Getting headlines wrong

21 04 2017

Brief corrections to two stories in the media that mislead, both noted by PPT readers.

First, at Prachatai, there’s a report headlined “Junta blocks Youtube channel of exiled Thai journalist.” This is a story that reports the censorship of a YouTube channel run by exiled journalist Jom Petpradab called Jom Voice. He makes his program in the US and is critical of the regime. The story adds:

In 2014, after he was summoned by the junta, he fled Thailand to live in the US where he founded Thaivoicemedia.com, a web-based Thai media outlet in exile. The website is also blocked by the government.

Correction: As far as we are aware, the blocking of a YouTube channel is the work of YouTube, a Google subsidiary. The military dictatorship’s minions might have asked for the blocking but it is Google’s YouTube that does the blocking.

Google’s policy states:

Government requests to remove content
We regularly receive requests from courts and government agencies around the world to remove information from Google products. Sometimes we receive court orders that don’t compel Google to take any action. Instead, they are submitted by an individual as support for a removal request. We closely review these requests to determine if content should be removed because it violates a law or our product policies. In this report, we disclose the number of requests we receive in six-month periods.

The latest report we could find at Google is for the end of 2015 and then they counted nearly 5,000 government requests for censorship. No information was listed for Thailand. It states that: “From July to December 2015, the top three products for which governments requested removals were YouTube, Web Search, and Blogger.” It adds: “From July to December 2015, governments from around the world requested that we remove 6144 items from YouTube. Of these, we removed 4242 items—3498 due to legal reasons, and 744 found to be violations of YouTube’s Community Guidelines.”

Google has been named previously as working with the military dictatorship.

Second, at the Bangkok Post, there’s a headline “Future govts ‘won’t face curbs’.” It’s first paragraph states: “The government has given assurances that a bill supporting its 20-year national development blueprint will not restrict future elected governments from making changes to the plan as they see fit.”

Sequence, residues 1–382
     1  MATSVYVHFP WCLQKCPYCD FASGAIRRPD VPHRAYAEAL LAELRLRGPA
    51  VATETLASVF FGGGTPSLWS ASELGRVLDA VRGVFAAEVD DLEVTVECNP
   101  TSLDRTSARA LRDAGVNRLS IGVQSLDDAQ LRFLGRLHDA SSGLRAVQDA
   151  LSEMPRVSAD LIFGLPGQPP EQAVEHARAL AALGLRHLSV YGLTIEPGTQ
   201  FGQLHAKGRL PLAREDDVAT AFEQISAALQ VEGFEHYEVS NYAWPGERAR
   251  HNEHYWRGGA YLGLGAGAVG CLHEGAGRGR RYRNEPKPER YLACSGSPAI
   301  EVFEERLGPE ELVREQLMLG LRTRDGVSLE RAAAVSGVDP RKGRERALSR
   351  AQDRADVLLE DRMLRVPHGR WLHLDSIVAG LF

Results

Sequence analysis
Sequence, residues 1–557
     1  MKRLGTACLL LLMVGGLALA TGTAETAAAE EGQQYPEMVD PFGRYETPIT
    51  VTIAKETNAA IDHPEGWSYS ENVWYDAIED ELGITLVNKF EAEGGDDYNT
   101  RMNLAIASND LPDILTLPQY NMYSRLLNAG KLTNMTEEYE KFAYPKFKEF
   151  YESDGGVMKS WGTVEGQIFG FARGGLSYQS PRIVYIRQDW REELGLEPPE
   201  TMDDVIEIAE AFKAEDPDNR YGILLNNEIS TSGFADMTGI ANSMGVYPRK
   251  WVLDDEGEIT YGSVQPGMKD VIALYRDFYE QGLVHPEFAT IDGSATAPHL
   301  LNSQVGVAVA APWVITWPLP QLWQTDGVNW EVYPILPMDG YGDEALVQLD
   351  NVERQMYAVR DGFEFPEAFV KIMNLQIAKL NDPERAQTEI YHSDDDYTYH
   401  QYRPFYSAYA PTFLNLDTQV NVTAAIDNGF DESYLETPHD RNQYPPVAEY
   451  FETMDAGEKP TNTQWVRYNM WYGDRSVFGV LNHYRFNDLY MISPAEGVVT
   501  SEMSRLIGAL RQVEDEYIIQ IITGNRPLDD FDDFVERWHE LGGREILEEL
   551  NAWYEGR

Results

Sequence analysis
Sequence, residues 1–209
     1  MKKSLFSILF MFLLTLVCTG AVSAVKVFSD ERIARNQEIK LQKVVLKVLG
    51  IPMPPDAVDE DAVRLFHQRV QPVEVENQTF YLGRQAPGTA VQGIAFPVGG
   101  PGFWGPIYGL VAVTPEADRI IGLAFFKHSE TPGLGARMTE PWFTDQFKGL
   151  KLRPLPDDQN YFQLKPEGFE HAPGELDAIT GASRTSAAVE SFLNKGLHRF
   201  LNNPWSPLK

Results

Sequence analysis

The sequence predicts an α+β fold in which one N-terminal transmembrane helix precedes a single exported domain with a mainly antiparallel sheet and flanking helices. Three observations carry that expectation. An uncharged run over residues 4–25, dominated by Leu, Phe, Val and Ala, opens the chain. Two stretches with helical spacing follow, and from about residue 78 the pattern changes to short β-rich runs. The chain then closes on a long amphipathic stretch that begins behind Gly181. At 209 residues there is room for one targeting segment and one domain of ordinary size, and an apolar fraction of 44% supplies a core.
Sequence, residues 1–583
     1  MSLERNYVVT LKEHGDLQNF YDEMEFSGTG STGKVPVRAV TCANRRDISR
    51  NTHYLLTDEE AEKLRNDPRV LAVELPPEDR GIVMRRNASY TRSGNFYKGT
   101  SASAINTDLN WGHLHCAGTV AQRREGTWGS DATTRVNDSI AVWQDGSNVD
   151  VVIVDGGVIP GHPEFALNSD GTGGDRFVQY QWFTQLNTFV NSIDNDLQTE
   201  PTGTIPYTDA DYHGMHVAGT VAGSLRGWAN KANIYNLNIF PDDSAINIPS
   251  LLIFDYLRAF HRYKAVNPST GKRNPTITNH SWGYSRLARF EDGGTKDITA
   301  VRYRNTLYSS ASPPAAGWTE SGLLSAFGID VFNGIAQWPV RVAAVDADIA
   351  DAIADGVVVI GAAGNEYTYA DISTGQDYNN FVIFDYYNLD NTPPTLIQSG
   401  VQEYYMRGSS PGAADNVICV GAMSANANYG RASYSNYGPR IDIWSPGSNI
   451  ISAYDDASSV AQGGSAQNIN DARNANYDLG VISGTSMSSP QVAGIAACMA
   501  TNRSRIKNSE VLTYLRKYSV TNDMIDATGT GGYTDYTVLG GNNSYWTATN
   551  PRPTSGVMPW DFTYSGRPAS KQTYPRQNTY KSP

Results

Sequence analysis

The puppet National Legislative Assembly, without a single dissenting voice, voted “to accept the government’s bill setting out action plans for national reforms for deliberation…”.

But here is how junta minion Wissanu Krea-ngam is actually reported:

… Wissanu … told the meeting that the national strategy bill will set out action plans for long-term national development as stipulated by the new constitution.

Mr Wissanu allayed concerns that the 20-year national development strategy will cripple future elected governments’ ability to run the country.

The bill still allows future governments to adjust the 20-year plan to suit changing circumstances both at home and abroad, though any changes must be in line with the law and the constitution, he said….

…[H]e said, a range of measures will be in place to enforce compliance with national strategy, including warnings and coercive measures.

If state agencies fail to comply despite warnings, the National Anti-Corruption Commission will be asked to take action against the chiefs of those agencies, Mr Wissanu said.

This plan is deemed to take precedence over all others. It is binding on all agencies,” Mr Wissanu said.

Correction: Wissanu actually warned future “elected” governments that will most certainly be restricted from making any changes to the military junta’s plan for 20 years.





More secret king’s business I

21 04 2017

In case you missed it, the junta had the puppet National Legislative Assembly (NLA) meet in secret on 20 April to enact a “new bill … to reorganise the six agencies serving the Crown…”.

The puppet lawmakers naturally “approved in-camera the royal administration bill which the Cabinet had added to the meeting agenda.”

We can only guess that the king has directed that these changes be made as he establishes his authority and his people in the palace.

The report states that “Deputy Prime Minister Wissanu Krea-ngam told members of the … NLA… the cabinet asked that the bill be deliberated in-camera. The sessions were no broadcast and non-members were asked to leave.”

The Nation adds that the “act was not available for public perusal.” NLA puppet-in-chief “Pornpetch Vichitcholchai … declined to speak on the matter, saying the meeting was confidential.”

The Post report states that “the new structure will have three agencies serving the palace.” A reconstituted Bureau of the Royal Household will merge the Office of His Majesty’s Principal Private Secretary and the Bureau of the Royal Household. The Royal Guard Command will merge the Royal Thai Aide-De-Camp Department and the Royal Guard Command. A new Office of the Privy Council is said to be created.